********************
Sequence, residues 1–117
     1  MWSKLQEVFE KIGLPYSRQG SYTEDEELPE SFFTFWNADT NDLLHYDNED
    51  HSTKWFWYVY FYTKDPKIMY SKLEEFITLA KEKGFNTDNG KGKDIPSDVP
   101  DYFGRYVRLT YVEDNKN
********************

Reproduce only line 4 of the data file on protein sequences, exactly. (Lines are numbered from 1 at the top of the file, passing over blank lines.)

   101  DYFGRYVRLT YVEDNKN